Disclosure: Any post may contain links to my shop or affiliate links, which means I may receive a commission from any purchase you make. All opinions about products I use are my own. Read the full disclosure HERE.
I could feel this day creeping up on me and the emotions swelling. It’s been a year since the tragic death of Adam, Elizabeth, and Jane. The grief sometimes feels manageable, sometimes feels impossible, and sometimes both at the same time.
Last night we went to eat at Chick-fil-a for dinner. We were there with some friends, so we sat in the large gathering table in the center of the dining area that seats a big group. One of my daughters said to me “I feel anxious all of a sudden, but I don’t know why.” And then a few minutes later she said, with tears starting to suddenly leak, “I realize why I don’t feel good. We were sitting at this table when you got the call.”
It was during my kids Christmas break from school last year, this day exactly 1 year ago, that I had brought them to Chick-fil-a for lunch. The dining room was so crowded that the only table left was the big one. We were sitting and eating when I got a weird call asking me if I was related to Adam Johanson.
While I am normally very suspicious about weird phone calls asking for personal information and rarely take them seriously, something about this call made the pit of my stomach clench up. I immediately called Matt and told him about the call and said “I feel like something bad has happened. I’m not sure why, but I feel sick about this call.”
Then Matt felt it too, the unnerving feeling that something is wrong. He decided to leave work and head home. He also started trying to get a hold of his brother Adam. When that didn’t work, he started a dialogue with his parents – everyone trying to get a hold of Adam and Elizabeth, and trying to find any information. Elizabeth wasn’t replying to my calls/texts either.
Matt was on the phone with his parents back in our bedroom when I answered the front door to the state troopers. They asked to come in and I waved them in, yelling to the back of the house for Matt to join us. I knew when I saw the troopers standing there. I knew. But, it wasn’t going to be real until I heard them say it out loud.
Matt came to the dining room where we sat with the officers, his parents were on speaker phone. They got to their point pretty quick and told us the devastating facts: we had lost Adam, Elizabeth, and Jane. I fell off my chair and started sobbing and screaming. I think I can remember hearing my mother-in-law yelling “no, no, no” through the phone. Our kids rushed in, afraid of what they were hearing and they all started to cry. Matt was crying too. At some point that seems fuzzy now, the troopers left.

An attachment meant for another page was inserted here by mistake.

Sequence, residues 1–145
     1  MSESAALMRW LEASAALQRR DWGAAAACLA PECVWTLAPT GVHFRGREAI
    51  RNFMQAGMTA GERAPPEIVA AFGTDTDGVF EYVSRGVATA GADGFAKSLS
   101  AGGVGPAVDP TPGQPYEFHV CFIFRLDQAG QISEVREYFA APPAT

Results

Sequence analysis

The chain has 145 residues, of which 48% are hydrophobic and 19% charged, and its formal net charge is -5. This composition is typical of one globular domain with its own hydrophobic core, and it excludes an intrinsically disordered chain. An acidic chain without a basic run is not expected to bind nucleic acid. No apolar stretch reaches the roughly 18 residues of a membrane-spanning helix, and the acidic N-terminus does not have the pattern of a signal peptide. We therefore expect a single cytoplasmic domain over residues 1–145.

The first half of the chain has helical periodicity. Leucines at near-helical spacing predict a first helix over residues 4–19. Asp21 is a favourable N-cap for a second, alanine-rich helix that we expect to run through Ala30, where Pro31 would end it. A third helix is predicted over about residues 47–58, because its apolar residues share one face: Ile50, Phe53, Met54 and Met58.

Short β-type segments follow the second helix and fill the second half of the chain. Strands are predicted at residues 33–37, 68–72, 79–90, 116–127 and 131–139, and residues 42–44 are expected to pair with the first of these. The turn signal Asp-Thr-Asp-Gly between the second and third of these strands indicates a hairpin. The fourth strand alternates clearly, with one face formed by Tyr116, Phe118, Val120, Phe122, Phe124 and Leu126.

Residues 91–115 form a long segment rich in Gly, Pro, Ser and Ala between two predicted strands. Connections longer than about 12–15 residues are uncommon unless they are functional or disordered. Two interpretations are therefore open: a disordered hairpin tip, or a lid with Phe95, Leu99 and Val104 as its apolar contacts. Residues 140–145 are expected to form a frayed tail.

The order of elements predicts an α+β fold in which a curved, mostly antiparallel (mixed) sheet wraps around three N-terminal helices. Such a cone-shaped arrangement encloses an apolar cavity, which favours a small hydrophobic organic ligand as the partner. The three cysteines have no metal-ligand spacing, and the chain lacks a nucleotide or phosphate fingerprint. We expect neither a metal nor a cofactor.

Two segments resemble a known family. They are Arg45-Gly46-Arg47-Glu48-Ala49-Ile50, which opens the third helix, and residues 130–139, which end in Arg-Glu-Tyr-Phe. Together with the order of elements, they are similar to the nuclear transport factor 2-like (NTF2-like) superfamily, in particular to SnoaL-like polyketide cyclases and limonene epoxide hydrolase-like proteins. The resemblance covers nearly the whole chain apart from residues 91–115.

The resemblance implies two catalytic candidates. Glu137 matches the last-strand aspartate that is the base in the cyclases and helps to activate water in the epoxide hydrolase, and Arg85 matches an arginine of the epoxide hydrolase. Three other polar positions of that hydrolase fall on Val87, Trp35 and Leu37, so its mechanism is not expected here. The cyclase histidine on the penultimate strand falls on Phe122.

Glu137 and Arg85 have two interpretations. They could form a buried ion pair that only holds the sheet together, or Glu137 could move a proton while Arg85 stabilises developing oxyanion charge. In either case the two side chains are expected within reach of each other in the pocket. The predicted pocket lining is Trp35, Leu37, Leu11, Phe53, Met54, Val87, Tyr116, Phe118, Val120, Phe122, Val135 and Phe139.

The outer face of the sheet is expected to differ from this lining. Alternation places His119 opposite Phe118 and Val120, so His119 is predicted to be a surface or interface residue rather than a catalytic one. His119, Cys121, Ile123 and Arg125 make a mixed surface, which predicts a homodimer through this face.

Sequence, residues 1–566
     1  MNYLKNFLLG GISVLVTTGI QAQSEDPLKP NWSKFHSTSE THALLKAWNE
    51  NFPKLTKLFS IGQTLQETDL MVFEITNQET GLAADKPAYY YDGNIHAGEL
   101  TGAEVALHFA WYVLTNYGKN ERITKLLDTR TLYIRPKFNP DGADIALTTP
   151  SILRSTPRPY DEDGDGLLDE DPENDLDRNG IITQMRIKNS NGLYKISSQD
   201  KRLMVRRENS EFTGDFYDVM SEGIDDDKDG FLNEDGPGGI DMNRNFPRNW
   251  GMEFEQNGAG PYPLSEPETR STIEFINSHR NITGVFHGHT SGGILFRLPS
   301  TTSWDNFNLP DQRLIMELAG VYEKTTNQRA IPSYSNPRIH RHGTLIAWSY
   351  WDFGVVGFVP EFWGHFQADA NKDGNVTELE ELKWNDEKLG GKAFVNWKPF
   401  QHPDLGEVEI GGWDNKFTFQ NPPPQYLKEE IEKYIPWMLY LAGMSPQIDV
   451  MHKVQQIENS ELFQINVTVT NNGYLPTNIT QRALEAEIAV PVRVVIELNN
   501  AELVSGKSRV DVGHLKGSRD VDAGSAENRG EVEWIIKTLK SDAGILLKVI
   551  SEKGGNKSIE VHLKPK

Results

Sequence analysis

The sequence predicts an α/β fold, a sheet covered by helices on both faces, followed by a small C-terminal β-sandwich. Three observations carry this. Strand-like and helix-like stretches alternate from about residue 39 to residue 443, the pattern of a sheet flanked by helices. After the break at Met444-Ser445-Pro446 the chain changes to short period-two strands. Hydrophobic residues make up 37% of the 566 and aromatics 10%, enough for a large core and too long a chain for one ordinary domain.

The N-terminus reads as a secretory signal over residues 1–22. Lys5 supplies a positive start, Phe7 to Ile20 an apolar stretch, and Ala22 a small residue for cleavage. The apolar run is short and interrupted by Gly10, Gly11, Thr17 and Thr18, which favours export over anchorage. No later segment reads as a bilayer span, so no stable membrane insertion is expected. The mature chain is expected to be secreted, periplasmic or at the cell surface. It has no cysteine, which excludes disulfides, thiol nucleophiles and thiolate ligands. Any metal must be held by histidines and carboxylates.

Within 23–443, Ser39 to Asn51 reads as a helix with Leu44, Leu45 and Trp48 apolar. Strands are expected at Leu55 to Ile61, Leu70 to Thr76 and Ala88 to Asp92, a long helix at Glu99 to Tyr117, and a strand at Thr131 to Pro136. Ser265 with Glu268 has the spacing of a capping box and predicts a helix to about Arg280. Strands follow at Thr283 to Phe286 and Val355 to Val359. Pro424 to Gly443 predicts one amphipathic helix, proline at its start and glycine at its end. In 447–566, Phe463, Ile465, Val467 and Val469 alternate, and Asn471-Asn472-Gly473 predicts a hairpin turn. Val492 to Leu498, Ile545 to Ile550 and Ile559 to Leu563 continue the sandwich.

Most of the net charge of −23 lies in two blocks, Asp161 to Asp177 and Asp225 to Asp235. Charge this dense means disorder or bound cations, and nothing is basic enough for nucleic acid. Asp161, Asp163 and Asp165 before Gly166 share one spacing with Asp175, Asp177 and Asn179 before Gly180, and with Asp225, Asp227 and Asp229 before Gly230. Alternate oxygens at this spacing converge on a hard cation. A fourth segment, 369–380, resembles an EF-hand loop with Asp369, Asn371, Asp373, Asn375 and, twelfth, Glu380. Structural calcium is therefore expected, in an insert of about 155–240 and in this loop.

Matt told me the other day that January 3, 2019 is the longest and hardest day of his life.
I wish I had something profound to say about all this, but I don’t. The grief is still fresh. Writing this out just now took me back like I was there again, reliving it. It’s weird when just a night out to dinner, a quick, innocent dinner at Chick-fil-a on January 2nd, could suddenly throw us into the past. There has been a million times like this all year, so I should probably stop being surprised.
There was an aspect to this day last year that I don’t mention much, but it has been on my mind a lot lately. That same day of the accident that took the lives of Matt’s brother Adam, sister-in-law Elizabeth, and niece Jane, my brother’s wife was supposed to be traveling with my niece and nephews on the exact same Texas road of Adam and Elizabeth’s accident. She decided to postpone her drive back to New Mexico another day until the weather cleared.
While I am so grateful that we didn’t lose any more family that day, lately I’ve been thinking about why. Why are some spared and some not? As tough as it is through the grief, I have to believe that it is all part of God’s plan. (However, I am adding this to my list of questions I have when I meet God someday.)
I’ve watched Matt deal with his grief in his own way this past year. He is such a rock. He is always willing to comfort me in my grief. Matt is more of the “still waters run deep” kind of guy. Matt doesn’t wear his emotions on his sleeve, but he feels them deeply. I can tell some of the times he is thinking about Adam, though, because he’ll lead the conversation in certain directions even though he may not come out and say the extent of what’s on his mind. We both know. He misses his brother and his best friend.
We all miss them. Our family loves their family. We were close. There is a hole in our lives where they should be.
I know from many of your messages that many of you experienced deep losses last year too. Thanks for sharing those with me. And thanks to all of those who reached out to comfort a “stranger on the internet.” Thank you, sincerely. I think of you, your kindness, your stories, and I remember that I am not alone. We are each carrying a heavy burden.